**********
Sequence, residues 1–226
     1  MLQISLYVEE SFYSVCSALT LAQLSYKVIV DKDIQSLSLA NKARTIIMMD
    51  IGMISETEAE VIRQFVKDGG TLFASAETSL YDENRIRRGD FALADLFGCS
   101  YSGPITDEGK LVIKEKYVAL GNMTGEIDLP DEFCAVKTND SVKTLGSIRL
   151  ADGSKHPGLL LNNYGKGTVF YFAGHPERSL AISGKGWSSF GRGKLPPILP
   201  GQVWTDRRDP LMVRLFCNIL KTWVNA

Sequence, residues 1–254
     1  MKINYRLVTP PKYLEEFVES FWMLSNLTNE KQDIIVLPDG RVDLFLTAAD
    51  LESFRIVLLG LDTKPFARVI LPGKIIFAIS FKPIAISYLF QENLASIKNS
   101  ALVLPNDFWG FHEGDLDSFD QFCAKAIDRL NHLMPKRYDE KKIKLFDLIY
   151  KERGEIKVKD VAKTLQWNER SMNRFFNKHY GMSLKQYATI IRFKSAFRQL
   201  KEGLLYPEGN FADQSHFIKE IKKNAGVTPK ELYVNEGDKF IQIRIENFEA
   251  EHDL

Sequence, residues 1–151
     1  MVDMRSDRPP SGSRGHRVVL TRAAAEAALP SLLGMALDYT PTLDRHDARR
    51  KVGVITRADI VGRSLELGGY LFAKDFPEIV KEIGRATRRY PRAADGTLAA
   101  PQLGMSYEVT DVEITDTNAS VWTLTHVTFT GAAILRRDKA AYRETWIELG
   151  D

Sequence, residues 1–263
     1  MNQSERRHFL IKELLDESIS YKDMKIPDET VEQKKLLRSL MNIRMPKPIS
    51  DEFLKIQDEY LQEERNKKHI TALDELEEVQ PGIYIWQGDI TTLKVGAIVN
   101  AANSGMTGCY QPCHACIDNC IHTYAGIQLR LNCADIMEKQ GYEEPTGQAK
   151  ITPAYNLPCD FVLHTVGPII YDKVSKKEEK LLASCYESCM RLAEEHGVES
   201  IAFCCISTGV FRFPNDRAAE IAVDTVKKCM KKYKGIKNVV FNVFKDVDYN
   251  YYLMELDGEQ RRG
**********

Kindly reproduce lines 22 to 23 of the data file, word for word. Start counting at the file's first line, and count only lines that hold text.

   101  AANSGMTGCY QPCHACIDNC IHTYAGIQLR LNCADIMEKQ GYEEPTGQAK
   151  ITPAYNLPCD FVLHTVGPII YDKVSKKEEK LLASCYESCM RLAEEHGVES